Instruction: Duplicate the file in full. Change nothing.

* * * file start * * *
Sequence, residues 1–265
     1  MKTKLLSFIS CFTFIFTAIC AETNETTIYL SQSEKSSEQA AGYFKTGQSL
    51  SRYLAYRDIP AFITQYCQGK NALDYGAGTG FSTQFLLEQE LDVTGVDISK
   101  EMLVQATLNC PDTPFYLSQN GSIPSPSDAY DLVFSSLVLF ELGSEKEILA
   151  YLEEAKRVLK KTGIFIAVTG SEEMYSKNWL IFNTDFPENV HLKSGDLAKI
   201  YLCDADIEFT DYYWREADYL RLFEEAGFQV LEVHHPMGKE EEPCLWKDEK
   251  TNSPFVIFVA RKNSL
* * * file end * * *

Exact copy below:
Sequence, residues 1–265
     1  MKTKLLSFIS CFTFIFTAIC AETNETTIYL SQSEKSSEQA AGYFKTGQSL
    51  SRYLAYRDIP AFITQYCQGK NALDYGAGTG FSTQFLLEQE LDVTGVDISK
   101  EMLVQATLNC PDTPFYLSQN GSIPSPSDAY DLVFSSLVLF ELGSEKEILA
   151  YLEEAKRVLK KTGIFIAVTG SEEMYSKNWL IFNTDFPENV HLKSGDLAKI
   201  YLCDADIEFT DYYWREADYL RLFEEAGFQV LEVHHPMGKE EEPCLWKDEK
   251  TNSPFVIFVA RKNSL